The bishops at Aparecida looked at the coming of the Gospel to the Americas and the ongoing evangelization with what I think are somewhat rose-colored glasses.
In paragraph 4, the bishops see the openness to the Gospel, rooted in the values already present in the indigenous peoples who lived in the “Americas” before the Spanish Conquest and so the native peoples were able …
to find in the Gospel life-giving responses to their deepest aspirations: “Christ is the Savior for whom they were silently longing.”
A footnote refers to the document of Puebla, ¶ 401:
Cultures are not vacuums devoid of authentic values, and the evangelizing work of the Church is not a process of destruction; rather, it is a process of consolidating and fortifying those values, a contribution to the growth of the “seeds of the word present in cultures.”
This reflects the thought of Justin Martyr who wrote in his First Apology that “there seem to be seeds of truth among all people,” and can be found in other Fathers of the Church who taught that God had prepared the way for the Gospel in Greek culture and philosophy.
Such a view can is expanded in Vatican II’s Gaudium et Spes, ¶ 58:
God, revealing Himself to His people to the extent of a full manifestation of Himself in His Incarnate Son, has spoken according to the culture proper to each epoch.
In an obscure 1986 encyclical of Pope John Paul II, Dominum et Vivificantem, ¶53, wrote of the need …
to embrace the whole of the action of the Holy Spirit even before Christ-from the beginning, throughout the world, and especially in the economy of the Old Covenant.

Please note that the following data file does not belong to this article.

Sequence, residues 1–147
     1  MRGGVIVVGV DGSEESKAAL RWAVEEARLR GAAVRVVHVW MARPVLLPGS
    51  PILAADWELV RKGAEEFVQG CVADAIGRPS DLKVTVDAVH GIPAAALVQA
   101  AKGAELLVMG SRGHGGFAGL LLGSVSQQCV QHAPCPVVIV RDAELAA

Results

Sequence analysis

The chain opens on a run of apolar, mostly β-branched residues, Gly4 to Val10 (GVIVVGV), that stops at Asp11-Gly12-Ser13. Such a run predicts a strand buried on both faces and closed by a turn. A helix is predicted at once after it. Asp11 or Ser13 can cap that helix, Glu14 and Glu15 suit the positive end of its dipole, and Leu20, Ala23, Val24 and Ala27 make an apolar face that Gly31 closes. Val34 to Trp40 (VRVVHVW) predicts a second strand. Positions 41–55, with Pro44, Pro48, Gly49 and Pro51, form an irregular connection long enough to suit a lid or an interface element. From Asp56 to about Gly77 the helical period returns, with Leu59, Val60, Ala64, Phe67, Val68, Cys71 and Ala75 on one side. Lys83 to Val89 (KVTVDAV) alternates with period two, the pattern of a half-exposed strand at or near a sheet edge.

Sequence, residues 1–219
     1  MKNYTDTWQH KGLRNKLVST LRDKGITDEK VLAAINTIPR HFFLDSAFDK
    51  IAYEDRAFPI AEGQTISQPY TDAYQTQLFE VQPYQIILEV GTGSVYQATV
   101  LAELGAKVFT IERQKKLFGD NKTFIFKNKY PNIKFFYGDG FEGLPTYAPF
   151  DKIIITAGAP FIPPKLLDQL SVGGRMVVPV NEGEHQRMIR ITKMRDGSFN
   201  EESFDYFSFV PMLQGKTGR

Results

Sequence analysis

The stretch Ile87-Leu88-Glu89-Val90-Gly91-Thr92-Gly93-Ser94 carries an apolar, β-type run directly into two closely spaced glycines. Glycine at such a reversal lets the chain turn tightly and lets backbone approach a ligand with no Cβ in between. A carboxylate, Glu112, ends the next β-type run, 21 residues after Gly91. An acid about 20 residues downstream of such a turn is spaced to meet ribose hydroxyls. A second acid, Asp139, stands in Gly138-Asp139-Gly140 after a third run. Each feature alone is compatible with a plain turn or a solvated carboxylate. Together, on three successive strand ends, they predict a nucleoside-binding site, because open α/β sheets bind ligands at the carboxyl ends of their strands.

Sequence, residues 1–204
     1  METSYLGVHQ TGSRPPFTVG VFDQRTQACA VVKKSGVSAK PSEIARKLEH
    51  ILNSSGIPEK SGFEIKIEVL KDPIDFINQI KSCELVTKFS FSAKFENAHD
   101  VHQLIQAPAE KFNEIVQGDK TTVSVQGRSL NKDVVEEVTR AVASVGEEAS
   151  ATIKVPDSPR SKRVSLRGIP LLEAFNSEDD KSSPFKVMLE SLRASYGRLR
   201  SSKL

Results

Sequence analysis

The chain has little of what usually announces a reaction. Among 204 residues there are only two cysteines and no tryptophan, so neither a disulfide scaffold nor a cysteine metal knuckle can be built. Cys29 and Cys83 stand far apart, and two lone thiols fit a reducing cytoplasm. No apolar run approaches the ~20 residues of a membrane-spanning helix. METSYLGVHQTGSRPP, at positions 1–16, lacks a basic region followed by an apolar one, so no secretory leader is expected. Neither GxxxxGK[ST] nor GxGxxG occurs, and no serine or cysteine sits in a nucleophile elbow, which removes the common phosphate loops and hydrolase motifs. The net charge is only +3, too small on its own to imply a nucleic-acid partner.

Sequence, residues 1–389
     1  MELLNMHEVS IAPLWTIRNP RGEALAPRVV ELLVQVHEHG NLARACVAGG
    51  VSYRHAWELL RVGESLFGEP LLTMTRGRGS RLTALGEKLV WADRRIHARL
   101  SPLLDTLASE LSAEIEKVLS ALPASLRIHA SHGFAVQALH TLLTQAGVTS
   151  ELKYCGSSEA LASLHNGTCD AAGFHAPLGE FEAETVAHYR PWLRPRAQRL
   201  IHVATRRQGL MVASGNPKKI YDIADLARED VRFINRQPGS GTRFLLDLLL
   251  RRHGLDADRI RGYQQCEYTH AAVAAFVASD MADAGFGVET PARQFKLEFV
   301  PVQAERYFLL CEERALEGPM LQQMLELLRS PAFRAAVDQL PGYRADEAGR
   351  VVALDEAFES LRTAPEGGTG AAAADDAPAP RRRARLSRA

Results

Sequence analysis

To concretize this, the bishops note the appearance of Our Lady of Guadalupe. Catholicism is no longer a Spanish colonial import; Mary appears to Juan Diego as an indigenous woman speaking Nahuatl, not Spanish.
They state that Guadalupe “was a decisive event for the proclamation and recognition of her Son, a lesson and sign of inculturation of the faith, manifestation and renewed missionary impetus for spreading the Gospel.”
Paragraph five gives what many would consider a white-washed account of the role of the church in Latin America and the Caribbean:
From the initial evangelization to recent times, the Church has experienced lights and shadows. It wrote pages of our history with great wisdom and holiness. It also suffered difficult times, both because of attacks and persecutions, and because of the weaknesses, worldly compromises and inconsistencies, in other words, because of the sin of its children, who obscured the newness of the Gospel, the splendor of the truth, and the practice of justice and charity. Nevertheless, what is most decisive in the Church is always the holy action of its Lord.
A footnote cites a 2007 papal audience in which Pope Benedict XVI notes:
Certainly the memory of a glorious past cannot ignore the shadows that accompanied the work of evangelization of the Latin American continent: the sufferings and injustices that the colonizers inflicted on the indigenous populations, often trampling their human rights, cannot be forgotten….
He notes how bishop Fra Bartolomé de las Casas among others had condemned the crimes, but insisted that these crimes “should not hinder grateful acknowledgement of the admirable work carried out by divine grace among these peoples over these centuries.”
I would suggest that the bishops’ statement – “what is most decisive in the Church is always the holy action of its Lord” – needs to be used with extreme caution, lest it be used to cover up crimes committed by members of the church, including the hierarchy.
This points to a controversial issue about the sinfulness of the Church. Can we call the Church as institution sinful or can we only impute sinfulness to her members and her leaders?
For deeper examination, the 2007 document from the Aparecida Conference.